C.S.P. Singh, J.
1. The assessee owns a printing press and supplies printed materials in the shape of envelopes, examination papers, certificates, result sheets, etc. In the assessment year 1972-73, it entered into an agreement with the Madhyamik Shiksha Mandal, Madhya Pradesh, Bhopal, for the supply of examination papers, mark sheets, certificates, etc., in sealed envelopes and packages. Under the terms of the agreement they were to be prepared in accordance with the needs of each examination centre and were to be packed in sealed envelopes and put in boxes, and despatched to the examination centers notified by the Board. In the event of excess number of examination papers being printed by the assessee they were to be sent in a likewise manner to the Board Office. The agreement further stipulated that till such time that the examinations were over the assessee was to maintain secrecy about the contents of the papers, and in the event of a breach by the assessee he will be liable for damages and imposition of such penalty as the Secretary of the Board might determine. A schedule of rates for payment to the assessee was set out along with the agreement. Under the first heading, charges for composing, proof reading, printing, pasting and other similar operations including cost of paper were specified. Under Clauses (c), (d) and (e) of the schedule of rates, prices for the cost of paper required for printing the examination papers, and for craft paper used for packing were detailed. The assessee's contention was that the work done was a job-work, and was not liable to tax. He claimed exemption on the turnover of envelopes, craft paper, packages and the printed material including the question papers. The Sales Tax Officer accepted the accounts, but taxed the turnover of envelopes, and the turnover of the printed material and question papers. The revising authority has upheld this view. Counsel for the assessee contended that it was a works contract, and not liable to tax, as although the rates of payment for paper, envelopes, etc., had been separately specified, but that was only for calculating the total amount payable to the assessee for printing the examination papers, despatching them to the examination centres and thereafter printing the result sheets and certificates, etc. He has particularly placed reliance on the decision of the Kerala High Court in the case of P.T. Varghese v. State of Kerala  37 STC 171 and on State of Tamil Nadu v. Anandam Viswanaihan  39 STC 226. In the Varghese's case a question arose as to whether the assessee who was running a press and printing bill books, vouchers, receipt books, letter head, question papers and notices, as ordered by his client in which he used his own paper, was doing a works contract, or a contract for sale of paper, and a contract for work and labour involved in printing those materials. It was held that the contract for supply of the aforesaid material was a composite contract, and could not be broken up into one relating to sale of paper and the other for work and labour, and as it was a works contract, its turnover could not be taxed. In Anandam's case the assessee had entered into a contract with Universities and other educational institutions for printing question papers. In the quotation the assessee had given separately the charges for printing, block-making, packing and handling and for the cost of paper and packing material. It was held that as the contract was a composite contract for the supply of printed question papers properly packed, it could not be broken up into a contract for sale of paper and for work and labour involved in printing them. These cases clearly support the contention of the assessee.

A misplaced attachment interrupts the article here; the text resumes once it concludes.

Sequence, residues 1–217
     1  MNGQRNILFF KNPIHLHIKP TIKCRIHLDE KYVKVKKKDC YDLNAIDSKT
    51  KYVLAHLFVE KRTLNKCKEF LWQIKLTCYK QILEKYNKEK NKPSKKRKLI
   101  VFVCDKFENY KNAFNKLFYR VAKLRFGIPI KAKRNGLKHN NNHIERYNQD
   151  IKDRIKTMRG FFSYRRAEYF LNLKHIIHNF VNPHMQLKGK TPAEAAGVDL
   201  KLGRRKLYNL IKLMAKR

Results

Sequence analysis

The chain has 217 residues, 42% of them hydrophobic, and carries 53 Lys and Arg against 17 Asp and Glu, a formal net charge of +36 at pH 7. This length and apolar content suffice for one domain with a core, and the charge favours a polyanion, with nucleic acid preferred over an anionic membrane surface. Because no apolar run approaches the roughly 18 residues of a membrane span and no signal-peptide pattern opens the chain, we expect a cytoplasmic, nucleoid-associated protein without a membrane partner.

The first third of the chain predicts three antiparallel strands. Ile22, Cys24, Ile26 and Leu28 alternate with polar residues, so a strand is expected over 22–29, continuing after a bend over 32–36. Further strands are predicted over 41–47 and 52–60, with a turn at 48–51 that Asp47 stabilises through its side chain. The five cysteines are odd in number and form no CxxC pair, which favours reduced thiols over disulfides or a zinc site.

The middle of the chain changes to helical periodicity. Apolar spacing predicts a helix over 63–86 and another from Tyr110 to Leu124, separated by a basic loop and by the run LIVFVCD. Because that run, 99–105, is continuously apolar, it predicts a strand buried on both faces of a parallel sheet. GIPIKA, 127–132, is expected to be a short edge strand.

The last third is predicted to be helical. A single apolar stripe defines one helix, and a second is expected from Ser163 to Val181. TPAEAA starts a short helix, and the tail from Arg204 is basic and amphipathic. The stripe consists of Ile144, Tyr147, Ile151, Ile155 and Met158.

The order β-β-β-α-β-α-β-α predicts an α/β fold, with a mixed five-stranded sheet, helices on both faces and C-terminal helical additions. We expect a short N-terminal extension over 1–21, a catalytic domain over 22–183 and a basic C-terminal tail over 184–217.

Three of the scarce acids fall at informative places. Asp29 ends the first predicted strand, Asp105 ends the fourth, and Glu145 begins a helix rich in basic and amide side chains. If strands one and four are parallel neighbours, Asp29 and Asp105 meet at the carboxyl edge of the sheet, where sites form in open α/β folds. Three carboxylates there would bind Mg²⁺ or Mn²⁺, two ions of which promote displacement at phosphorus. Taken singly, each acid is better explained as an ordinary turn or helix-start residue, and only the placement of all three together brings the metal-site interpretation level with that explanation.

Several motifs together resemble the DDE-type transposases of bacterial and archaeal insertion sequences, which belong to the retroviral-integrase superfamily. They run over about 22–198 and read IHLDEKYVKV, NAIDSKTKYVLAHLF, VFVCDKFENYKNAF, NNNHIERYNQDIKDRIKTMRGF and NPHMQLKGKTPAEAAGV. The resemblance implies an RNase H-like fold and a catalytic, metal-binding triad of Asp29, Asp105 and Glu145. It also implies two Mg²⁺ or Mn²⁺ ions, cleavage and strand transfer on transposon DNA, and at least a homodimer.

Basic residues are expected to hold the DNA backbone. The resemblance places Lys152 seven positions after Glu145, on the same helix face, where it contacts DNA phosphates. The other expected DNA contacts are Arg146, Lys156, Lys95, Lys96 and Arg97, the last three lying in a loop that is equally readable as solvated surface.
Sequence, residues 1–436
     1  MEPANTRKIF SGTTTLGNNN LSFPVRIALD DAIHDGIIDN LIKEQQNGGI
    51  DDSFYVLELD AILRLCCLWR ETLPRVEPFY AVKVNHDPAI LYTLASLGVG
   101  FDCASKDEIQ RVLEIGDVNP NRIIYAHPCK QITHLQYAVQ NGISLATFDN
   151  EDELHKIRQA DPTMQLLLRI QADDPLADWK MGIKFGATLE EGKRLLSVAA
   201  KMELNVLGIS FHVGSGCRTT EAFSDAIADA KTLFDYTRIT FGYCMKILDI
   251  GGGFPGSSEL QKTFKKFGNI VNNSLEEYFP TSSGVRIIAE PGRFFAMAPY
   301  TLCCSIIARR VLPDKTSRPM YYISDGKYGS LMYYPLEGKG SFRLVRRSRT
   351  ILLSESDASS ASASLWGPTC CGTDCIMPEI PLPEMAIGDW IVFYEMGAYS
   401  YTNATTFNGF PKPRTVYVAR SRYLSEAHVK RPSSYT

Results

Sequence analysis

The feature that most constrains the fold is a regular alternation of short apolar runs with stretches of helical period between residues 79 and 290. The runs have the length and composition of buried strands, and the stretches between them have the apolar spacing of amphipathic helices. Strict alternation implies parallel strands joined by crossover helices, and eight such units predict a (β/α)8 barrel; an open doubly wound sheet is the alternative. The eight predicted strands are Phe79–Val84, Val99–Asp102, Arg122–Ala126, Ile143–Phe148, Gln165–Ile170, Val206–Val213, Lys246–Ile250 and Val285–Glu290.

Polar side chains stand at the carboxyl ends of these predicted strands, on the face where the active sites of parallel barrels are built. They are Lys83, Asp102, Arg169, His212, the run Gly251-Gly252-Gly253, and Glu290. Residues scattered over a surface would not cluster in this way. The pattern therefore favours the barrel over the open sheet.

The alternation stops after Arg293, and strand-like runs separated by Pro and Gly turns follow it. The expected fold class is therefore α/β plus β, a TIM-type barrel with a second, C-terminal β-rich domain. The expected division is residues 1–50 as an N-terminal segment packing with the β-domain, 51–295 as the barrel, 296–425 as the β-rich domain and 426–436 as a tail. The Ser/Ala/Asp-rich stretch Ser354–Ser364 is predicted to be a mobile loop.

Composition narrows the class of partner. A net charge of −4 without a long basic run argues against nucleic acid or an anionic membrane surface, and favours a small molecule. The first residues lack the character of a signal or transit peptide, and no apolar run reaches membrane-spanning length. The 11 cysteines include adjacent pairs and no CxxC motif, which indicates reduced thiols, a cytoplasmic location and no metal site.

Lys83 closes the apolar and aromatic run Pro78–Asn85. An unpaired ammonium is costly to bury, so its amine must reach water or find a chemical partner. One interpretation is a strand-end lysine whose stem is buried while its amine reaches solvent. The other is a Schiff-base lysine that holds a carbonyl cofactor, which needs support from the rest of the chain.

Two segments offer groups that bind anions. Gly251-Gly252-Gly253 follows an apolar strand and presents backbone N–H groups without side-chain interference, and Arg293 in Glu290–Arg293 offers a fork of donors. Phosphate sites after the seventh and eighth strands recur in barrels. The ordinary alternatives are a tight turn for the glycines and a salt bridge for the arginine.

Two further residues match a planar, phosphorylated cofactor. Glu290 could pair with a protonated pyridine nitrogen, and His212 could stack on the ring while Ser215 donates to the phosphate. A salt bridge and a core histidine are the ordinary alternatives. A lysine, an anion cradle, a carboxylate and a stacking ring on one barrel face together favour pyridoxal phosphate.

2. Sri V.D. Singh, the Learned Standing Counsel, however, referred to the decisions in the cases of Babulal Onkarmal & Co. v. State of Bombay  15 STC 598, Government of Andhra Pradesh v. Guntur Tobaccos Ltd.  16 STC 240 (SC), Hyderabad Deccan Cigarette Factory v. State of Andhra Pradesh  17 STC 624 (SC) and Commissioner of Taxes, Assam v. Prabhai Marketing Co.  19 STC 84 (SC) and urged that both the turnover of paper and envelopes was liable to tax. I am unable to agree with this contention. As will be presently shown, none of the cases relied upon can be appropriately applied to the fact of the present case.